Futuristic crossover SUV explores a new design aesthetic with a staggered cockpit and headlights

Although it doesn’t really appear traditionally aerodynamic at first glance, the DKM 2.0 has an aesthetic that feels minimal yet complex, and builds on the future of automotive design by having a radical visual approach.

Designed as a fully autonomous vehicle, the DKM 2.0’s visual aesthetic immediately stands out as unique. Its silhouette looks nothing quite like any other car. It isn’t as maximal as a sports car, or as minimal as today’s electrified SUVs. Instead, it’s a fusion of the two, relying on multiple forms stacked on one another that have been merged and simplified. The car features a unique interior with seating designed more like a room than a car. Seats face each other, creating a cabin on wheels that allow passengers to socialize with each other as the car autonomously moves forward. The concept ditches the steering wheel and dashboard entirely too, in a bid to imagine what fully-autonomous vehicles can and should look like.

Designer: Vladislav Semenov

The car’s design comes from Kazakh automotive stylist Vladislav Semenov. As far as its references go, it seems like the DKM 2.0’s most notable inspiration comes from vision conceptual automobiles, combined with the realistic design of companies like Rivian, Canoo, and Polestar. There’s a level of purity in the use of silver and black, and those headlights look clean and futuristic as heck. However, the upper and lower halves of the car are designed in a staggered way that instantly draws the eye. The front of the car features a flat-ish panel where you’d expect the radiator grill, with the front fender emerging outwards, almost like shoulder blades. This probably helps guide air into the car’s intakes on each side, while the top has that razor-thin headlight, and then the ‘windscreen’ that emerges almost like an independent entity.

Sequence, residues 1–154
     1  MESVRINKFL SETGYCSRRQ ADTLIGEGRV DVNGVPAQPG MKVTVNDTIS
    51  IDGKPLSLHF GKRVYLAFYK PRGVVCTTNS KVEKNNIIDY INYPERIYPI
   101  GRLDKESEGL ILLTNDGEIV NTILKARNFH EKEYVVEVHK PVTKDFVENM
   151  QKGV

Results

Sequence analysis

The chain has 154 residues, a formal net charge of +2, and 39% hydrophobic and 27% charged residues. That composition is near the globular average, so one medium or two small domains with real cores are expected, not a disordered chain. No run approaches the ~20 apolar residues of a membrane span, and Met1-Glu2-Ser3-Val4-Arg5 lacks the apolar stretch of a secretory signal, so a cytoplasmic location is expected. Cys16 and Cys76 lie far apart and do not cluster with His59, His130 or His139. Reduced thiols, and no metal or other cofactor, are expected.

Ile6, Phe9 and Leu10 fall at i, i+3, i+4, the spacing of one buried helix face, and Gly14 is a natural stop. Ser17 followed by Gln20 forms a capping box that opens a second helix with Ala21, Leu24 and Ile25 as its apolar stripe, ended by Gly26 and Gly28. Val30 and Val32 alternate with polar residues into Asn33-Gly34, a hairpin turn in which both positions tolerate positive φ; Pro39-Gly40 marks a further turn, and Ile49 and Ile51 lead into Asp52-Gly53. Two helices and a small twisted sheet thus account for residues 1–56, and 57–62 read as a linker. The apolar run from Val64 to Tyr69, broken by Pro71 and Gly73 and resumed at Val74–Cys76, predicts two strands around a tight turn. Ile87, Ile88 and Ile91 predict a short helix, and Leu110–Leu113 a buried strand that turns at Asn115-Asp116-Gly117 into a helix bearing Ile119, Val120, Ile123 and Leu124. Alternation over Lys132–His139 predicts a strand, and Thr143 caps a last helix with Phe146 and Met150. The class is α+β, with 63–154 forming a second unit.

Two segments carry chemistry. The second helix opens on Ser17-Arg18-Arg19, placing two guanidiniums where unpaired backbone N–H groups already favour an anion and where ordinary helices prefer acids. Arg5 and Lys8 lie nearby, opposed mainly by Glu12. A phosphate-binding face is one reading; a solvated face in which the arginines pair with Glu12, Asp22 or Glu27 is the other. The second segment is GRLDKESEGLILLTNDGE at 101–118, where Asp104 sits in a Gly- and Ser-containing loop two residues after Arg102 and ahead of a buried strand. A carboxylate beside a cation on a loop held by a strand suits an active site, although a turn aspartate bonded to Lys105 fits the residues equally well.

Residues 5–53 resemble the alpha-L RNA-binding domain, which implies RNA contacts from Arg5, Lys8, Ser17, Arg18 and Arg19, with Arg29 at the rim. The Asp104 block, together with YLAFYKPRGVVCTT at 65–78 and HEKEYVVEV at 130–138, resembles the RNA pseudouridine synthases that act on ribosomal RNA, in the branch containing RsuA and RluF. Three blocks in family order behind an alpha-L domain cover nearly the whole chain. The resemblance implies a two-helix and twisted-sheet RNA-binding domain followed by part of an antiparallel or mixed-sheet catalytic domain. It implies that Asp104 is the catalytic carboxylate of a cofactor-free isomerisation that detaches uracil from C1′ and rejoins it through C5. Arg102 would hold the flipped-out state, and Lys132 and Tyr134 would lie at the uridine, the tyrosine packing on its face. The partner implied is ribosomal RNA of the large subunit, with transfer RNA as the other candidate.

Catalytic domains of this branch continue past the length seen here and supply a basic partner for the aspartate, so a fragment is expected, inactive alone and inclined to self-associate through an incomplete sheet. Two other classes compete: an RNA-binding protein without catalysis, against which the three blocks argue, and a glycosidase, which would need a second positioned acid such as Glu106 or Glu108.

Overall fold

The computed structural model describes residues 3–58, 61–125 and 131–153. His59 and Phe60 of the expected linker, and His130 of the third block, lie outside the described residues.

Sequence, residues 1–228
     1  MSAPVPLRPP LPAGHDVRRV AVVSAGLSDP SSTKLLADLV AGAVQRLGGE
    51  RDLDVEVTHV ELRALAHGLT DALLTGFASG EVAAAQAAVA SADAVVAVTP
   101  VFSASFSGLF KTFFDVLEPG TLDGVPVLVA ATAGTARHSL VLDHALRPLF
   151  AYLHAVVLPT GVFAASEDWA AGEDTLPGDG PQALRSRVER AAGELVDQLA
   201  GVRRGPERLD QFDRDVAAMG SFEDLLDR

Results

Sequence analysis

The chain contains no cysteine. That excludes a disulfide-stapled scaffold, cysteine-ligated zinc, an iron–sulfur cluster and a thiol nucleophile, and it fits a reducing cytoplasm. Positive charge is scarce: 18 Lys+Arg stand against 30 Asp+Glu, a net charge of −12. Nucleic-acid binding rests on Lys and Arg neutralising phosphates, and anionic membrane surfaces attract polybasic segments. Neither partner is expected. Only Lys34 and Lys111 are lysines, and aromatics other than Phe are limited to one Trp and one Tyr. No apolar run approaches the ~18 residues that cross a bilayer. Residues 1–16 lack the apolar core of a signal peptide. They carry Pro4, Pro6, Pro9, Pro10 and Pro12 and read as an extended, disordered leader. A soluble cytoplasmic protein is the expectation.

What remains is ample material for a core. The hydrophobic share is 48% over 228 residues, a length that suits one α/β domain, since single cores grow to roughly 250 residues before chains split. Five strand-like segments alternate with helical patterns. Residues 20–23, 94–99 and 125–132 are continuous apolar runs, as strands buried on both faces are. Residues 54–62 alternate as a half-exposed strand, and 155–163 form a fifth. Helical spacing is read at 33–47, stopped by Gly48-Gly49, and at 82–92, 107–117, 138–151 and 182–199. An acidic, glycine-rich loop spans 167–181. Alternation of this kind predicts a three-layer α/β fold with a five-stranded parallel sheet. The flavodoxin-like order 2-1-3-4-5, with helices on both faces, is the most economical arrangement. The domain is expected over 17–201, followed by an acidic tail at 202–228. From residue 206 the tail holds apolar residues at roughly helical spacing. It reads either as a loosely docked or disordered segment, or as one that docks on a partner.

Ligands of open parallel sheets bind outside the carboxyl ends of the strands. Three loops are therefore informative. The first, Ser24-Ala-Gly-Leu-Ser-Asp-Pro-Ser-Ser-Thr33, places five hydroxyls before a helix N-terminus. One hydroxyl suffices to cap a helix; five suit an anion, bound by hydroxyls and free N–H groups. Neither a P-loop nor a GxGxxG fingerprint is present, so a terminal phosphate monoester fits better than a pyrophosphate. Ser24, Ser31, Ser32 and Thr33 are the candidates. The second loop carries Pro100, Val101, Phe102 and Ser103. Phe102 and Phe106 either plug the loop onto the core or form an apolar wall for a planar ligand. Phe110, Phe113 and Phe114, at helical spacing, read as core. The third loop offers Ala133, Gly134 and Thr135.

This unique stepped design provides an interesting visual, since it causes an obvious break in the surface, but it’s also where I suspect all the car’s sensors are housed. The stepped/staggered design can be viewed on both the front and the back, housing all the sensors, while the cockpit sits in between, and has what I imagine is a glorious view on both the sides as well as the top thanks to panoramic windows that extend all the way from the middle of the doors right to the top. Alternatively, the top can be used to place a cargo box (given that the amount of boot storage in this car hasn’t quite been made clear yet), which may obstruct your view a tad bit, but it’s a small price to pay for extra cargo.

The DKM 2.0 wasn’t designed for city roads. Its large build, high ground clearance, and rugged tires indicate that the car’s made for all sorts of terrain, be it urban or otherwise. As most SUVs and pickups go, the DKM 2.0 probably boasts a large range too, allowing families, friends, and colleagues to go on road trips without worrying about how to get places. The fully autonomous feature makes road trips easy and more fun, also giving you the possibility to break open a few beers on the way without worrying about having a designated driver!